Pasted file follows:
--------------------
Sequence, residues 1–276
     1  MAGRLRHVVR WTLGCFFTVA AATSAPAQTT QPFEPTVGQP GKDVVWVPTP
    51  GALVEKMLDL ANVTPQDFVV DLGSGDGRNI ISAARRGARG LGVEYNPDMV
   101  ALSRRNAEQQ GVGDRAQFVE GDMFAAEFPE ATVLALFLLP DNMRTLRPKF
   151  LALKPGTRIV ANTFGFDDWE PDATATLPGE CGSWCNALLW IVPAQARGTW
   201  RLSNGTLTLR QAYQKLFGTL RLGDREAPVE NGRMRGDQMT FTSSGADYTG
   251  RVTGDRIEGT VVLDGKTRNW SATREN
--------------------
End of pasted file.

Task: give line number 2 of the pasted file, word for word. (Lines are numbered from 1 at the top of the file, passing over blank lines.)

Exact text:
     1  MAGRLRHVVR WTLGCFFTVA AATSAPAQTT QPFEPTVGQP GKDVVWVPTP